Gay Students' Sexual Activity Would Be Reported Under Tenn. Bill
Tennessee state Sen. Stacey Campfield has proposed legislation that would require a counselor or other school official who learns that a student has engaged in homosexual activity to report this information to the student's parents. But for the second time in two years, Campfield appears to have introduced a bill on homosexuality his governor doesn't like.
The language of Campfield's Senate Bill 234, called the "Classroom Protection Act," states that counselors, in addition to principals, assistant principals, and nurses, shall notify the parents or guardians of a student "whose circumstances present immediate and urgent safety issues involving human sexuality." Campfield, a Republican, told reporters this week that the "urgent safety issues" include homosexual activity by students.
In a separate section of the legislation, the bill requires that school officials counseling a student "who is engaging in, or who may be at risk of engaging in, behavior injurious to the physical or mental health and well-being of the student or another person" also notify parents or guardians about this. If that language can be interpreted to mean that homosexual activity would be classified as also "injurious" to physical or mental health, then it appears to further expand the responsibilities of school officials. Presumably they would have to report students who may be engaging in such activity, although it's not entirely clear strictly from the bill's language.
How exactly officials would be allowed to determine that students might be engaging in such activity, or are "at risk" of doing so, is left unsaid. (Classroom teachers are not specifically mentioned in the two relevant sections of the bill.)
Not surprisingly, Campfield's legislation has drawn national media attention, with headlines reporting that his bill would require school officials to essentially "out" gay students. Gov. Bill Haslam, a Republican, has reported distanced himself from the bill, saying it looked similar to a previous bill the senator had introduced.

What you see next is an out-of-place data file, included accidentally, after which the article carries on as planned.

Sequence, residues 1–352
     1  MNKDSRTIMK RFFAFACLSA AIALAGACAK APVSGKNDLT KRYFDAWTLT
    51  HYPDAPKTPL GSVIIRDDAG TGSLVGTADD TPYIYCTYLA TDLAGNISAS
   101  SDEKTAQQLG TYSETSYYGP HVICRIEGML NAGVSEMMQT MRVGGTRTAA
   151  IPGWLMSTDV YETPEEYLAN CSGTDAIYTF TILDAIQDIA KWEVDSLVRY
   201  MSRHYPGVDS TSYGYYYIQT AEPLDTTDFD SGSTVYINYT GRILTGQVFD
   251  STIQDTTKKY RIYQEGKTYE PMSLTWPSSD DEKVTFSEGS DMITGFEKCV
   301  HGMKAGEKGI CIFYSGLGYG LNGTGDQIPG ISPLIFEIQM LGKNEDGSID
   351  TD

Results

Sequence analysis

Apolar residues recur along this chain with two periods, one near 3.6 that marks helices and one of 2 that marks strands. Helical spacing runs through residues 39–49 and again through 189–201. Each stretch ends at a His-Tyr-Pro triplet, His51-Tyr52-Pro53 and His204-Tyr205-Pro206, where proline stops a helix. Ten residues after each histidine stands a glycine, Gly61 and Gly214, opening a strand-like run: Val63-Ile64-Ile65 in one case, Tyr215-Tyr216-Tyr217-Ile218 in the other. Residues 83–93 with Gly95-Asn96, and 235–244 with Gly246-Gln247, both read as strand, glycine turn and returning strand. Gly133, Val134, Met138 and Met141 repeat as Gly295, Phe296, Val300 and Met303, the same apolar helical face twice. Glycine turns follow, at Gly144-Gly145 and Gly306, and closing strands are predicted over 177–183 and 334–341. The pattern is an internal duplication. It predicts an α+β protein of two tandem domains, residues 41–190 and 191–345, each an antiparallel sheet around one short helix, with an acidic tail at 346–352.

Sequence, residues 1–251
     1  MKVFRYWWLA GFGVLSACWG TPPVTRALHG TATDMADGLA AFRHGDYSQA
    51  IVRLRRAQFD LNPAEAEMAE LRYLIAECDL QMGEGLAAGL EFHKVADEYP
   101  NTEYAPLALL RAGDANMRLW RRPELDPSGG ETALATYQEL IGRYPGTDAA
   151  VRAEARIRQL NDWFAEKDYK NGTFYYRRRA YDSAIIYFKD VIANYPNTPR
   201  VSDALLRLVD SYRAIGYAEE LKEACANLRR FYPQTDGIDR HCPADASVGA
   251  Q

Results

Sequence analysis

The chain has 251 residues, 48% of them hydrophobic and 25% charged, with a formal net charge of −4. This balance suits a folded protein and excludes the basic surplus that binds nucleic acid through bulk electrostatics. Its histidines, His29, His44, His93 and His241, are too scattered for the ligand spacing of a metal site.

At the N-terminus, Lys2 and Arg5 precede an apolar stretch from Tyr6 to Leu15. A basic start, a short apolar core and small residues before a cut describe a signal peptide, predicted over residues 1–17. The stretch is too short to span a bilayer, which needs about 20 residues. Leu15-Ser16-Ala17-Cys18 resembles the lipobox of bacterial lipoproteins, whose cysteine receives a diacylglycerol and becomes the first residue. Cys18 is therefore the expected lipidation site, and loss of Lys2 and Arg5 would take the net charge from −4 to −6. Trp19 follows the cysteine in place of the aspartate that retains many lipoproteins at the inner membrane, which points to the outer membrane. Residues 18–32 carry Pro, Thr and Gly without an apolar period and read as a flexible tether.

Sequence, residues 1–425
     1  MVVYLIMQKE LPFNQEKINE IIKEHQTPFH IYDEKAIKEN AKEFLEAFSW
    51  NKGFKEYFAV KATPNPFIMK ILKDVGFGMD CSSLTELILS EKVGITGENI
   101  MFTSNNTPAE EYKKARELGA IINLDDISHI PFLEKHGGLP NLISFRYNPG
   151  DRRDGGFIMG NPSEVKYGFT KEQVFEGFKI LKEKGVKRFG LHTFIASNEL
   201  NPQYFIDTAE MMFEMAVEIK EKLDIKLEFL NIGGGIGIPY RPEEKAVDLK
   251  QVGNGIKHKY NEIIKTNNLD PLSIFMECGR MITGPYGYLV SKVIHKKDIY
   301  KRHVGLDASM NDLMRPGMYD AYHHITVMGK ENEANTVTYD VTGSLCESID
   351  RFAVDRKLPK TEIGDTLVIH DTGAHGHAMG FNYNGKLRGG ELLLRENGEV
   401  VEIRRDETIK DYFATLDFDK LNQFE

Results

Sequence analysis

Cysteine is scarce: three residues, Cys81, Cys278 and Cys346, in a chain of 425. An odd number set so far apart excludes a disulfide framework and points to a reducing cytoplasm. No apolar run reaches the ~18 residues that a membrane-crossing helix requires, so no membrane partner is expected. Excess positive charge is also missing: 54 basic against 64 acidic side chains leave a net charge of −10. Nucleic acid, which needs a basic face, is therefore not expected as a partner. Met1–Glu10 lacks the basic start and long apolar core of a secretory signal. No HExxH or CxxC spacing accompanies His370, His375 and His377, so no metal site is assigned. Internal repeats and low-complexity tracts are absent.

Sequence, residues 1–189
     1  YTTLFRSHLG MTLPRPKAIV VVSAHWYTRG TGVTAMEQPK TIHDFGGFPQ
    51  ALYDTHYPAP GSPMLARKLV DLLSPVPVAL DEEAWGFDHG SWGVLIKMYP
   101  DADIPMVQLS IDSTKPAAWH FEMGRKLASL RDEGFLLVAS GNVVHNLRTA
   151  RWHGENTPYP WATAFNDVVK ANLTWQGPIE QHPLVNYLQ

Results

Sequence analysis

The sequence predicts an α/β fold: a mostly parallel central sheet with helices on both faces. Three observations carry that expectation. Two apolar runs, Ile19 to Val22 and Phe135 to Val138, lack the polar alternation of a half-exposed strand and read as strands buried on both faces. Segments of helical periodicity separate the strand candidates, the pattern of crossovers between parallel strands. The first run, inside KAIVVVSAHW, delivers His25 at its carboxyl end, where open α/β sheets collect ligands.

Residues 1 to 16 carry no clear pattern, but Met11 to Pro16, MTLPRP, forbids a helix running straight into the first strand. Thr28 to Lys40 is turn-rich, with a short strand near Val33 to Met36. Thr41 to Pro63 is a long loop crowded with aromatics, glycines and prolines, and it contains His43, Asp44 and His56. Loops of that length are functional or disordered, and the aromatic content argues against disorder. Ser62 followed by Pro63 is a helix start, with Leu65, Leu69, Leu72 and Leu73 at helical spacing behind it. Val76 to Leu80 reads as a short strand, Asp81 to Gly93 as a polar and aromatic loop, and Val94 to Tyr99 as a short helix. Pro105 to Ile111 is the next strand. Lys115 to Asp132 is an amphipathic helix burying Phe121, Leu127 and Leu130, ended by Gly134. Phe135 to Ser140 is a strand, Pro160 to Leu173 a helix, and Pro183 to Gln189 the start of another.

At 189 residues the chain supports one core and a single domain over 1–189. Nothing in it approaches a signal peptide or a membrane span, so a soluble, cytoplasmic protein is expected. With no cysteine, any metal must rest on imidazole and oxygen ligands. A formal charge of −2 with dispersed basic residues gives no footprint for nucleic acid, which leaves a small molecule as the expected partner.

That's a reference to 2011, when Campfield introduced Senate Bill 49, quickly dubbed the "Don't Say Gay" bill, which would have prohibited discussion of homosexuality in school for K-8 students. In a preview of his position this year, Haslam announced that he did not support the 2011 bill, which ultimately failed to make it to Haslam's desk.
"Schools are often the one safe space where a student feels accepted and empowered to be who they are," said Brad Palmertree, Nashville resident and Gay, Lesbian, and Straight Education Network (GLSEN) Middle Tennessee Co-chair, in a statement. "This bill would take away that sense of security for all students in our state and create a dilemma for all school personnel." (GLSEN is based in New York City.)
However, supporters of the 2011 bill said it would merely provide guidance to teachers on a "potentially explosive" topic.
In a radio interview with Michelangelo Signorile last year (via the Daily Beast), for example, Campfield said: "My understanding is that it is virtually—not completely, but virtually—impossible to contract AIDS through heterosexual sex. Most people realize that AIDS came from the homosexual community—it was one guy screwing a monkey, if I recall correctly, and then having sex with men...It was an airline pilot, I believe."
He also told Signorile regarding homosexuality, "There are sexually confused children who could be pushed into a lifestyle that I don't think is appropriate with them."